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Common Lease Clauses: The term, security of tenure and lease security

on Thursday, 14 December 2023.

When negotiating a lease, the parties will need to agree to the term of the lease, whether the tenant will benefit from security of tenure and whether the landlord requires additional security in support of the tenant performing their lease obligations.


The term of the lease should have been agreed upon between the parties at heads of terms stage. As leases are generally seen as a liability and not an asset a shorter-term lease offers more flexibility for a tenant in uncertain times. One exception to this is where a Tenant is incurring significant fit out costs for their premises and therefore may want a longer-term lease as a result of its investment in the premises.

Security of tenure (the Landlord and Tenant Act 1954) (the 54 Act)

An important point to consider though is whether the lease is granted within the security of tenure provisions of the 54 Act. Leases will automatically have such protection unless the relevant provisions of the 54 Act are excluded. If a lease has 54 Act protection, this means that at the end of the term of lease a tenant will have an automatic right to remain in the property and to renew their lease on substantially the same terms.

If you are a landlord looking to obtain vacant possession at the end of a 54 Act protected lease, you will need to serve a notice to recover possession. If you want to recover possession of the premises, you will need to rely on one of the seven statutory grounds set out below:

  • Ground a - The premises are in disrepair
  • Ground b - There are arrears of rent
  • Ground c - There are other breaches of covenant
  • Ground d - Suitable alternative accommodation has been offered by the landlord
  • Ground e - The tenancy was created by a sub-letting of part
  • Ground f - The landlord intends to redevelop the premises
  • Ground g - The Landlord intends to occupy the premises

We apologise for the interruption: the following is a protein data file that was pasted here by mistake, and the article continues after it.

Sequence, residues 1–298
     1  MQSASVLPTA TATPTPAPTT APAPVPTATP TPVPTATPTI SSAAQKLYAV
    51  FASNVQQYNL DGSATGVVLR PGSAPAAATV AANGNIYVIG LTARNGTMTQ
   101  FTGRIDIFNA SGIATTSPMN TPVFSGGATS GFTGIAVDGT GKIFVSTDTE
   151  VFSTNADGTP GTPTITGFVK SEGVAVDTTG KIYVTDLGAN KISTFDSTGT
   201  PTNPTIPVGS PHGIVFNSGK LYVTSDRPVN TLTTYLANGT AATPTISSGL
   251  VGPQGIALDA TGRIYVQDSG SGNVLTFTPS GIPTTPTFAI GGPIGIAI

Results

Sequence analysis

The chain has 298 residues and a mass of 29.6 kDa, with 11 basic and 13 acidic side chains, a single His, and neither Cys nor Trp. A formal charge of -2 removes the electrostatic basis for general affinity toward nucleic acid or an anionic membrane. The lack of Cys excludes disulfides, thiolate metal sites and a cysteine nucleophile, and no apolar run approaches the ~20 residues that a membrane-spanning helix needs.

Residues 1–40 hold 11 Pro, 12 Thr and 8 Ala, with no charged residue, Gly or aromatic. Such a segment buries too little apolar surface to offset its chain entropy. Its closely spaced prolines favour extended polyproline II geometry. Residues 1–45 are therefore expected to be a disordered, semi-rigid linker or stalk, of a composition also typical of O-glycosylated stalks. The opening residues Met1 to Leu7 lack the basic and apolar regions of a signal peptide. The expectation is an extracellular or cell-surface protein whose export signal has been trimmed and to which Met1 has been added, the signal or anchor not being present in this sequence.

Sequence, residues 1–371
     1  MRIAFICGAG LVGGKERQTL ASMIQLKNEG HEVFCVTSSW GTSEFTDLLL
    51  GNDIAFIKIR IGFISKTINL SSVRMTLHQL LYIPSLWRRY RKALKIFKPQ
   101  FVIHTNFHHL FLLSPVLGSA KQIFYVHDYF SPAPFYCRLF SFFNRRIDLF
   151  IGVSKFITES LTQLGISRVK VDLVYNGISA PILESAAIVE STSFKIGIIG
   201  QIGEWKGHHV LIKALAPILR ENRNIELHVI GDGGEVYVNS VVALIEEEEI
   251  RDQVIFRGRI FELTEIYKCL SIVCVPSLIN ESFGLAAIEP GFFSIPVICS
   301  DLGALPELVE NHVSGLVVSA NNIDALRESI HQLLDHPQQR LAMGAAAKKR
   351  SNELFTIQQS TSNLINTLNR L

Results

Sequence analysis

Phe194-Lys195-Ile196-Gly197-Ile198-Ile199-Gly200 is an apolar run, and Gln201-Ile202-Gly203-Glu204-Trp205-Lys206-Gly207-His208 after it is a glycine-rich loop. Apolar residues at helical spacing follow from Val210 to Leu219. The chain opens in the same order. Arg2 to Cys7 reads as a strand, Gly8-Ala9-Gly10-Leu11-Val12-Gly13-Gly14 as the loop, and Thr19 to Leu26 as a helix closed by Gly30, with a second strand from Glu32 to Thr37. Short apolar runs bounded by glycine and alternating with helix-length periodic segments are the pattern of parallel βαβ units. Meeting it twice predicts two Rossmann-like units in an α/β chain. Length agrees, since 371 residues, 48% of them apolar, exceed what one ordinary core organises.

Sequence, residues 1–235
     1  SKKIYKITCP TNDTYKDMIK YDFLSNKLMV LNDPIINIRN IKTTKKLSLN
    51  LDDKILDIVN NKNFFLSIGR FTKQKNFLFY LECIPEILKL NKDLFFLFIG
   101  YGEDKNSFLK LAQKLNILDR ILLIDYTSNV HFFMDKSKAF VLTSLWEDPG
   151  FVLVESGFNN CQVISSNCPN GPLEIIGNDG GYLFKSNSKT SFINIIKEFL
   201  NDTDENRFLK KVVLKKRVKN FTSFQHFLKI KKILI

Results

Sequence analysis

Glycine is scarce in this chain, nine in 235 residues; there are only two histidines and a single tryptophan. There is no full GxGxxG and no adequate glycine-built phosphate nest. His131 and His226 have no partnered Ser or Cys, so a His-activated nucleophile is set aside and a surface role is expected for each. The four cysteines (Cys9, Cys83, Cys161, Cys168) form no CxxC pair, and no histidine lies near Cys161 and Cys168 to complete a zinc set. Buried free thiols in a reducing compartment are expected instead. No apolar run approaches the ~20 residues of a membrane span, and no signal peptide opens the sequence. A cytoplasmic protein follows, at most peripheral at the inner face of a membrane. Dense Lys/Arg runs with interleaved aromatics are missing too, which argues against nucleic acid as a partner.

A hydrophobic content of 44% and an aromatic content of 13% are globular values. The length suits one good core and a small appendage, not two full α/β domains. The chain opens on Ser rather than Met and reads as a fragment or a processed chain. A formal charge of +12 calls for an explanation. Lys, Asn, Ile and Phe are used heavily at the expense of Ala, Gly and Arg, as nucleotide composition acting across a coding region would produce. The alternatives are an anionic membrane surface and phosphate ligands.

The law in this area is complicated, and whether a particular ground of opposition can be used will depend on a variety of factors. If you intend to serve a 54 Act notice, we would strongly recommend instructing Property Litigation solicitors to assist in this regard.

Depending on the statutory ground used to recover possession, you may be required to pay compensation to the tenant, depending on the length of their occupation.

If a tenant vacates the property before the end of a 54 Act protected term, the lease will automatically come to an end. However, if the tenant remains in the property (and no 54 Act notices have been served) then the tenant will have a right to continue to occupy the property on the terms of the lease.

Historically, it has been the case that most shorter-term leases would be excluded from 54 Act protection and longer-term leases would benefit from the protection. In recent years however, there has been an increase in shorter term leases with 54 Act protection.

It is something a tenant will need to consider when negotiating terms for a lease, especially where:

  • The location of the property is of greater importance such as pharmacy premises situated within a GP surgery; and
  • Where significant sums are being spent on the fit-out of the property where the tenant would not want to be obliged to hand back the property to the landlord at the end of the term.

Lease Security - Guarantors and Rent Deposit

When negotiating terms for a lease you will need to consider whether the covenant strength of the tenant is sufficient to enable it to comply with the lease terms, including the requirement to pay the annual rent.

In addition to the obligations of the tenant under the lease, you may require the tenant to either put forward a rent deposit (typically three or six months' rent) which you can draw upon in the event of default by the tenant, or to provide a guarantor to the lease whom the landlord can pursue in the event of default. There are strict rules governing how a landlord holds the rent deposit once it has been transferred to them.

Such matters are a matter of negotiation between a landlord and a tenant. For more information on this, we have previously explained the provision and use of guarantees and rent deposits.:

If you are considering taking or granting a lease and would like further advice on common lease clauses and lease terms, please contact Kirsten Brown in our Healthcare team on 07467 220 900, or complete the form below.


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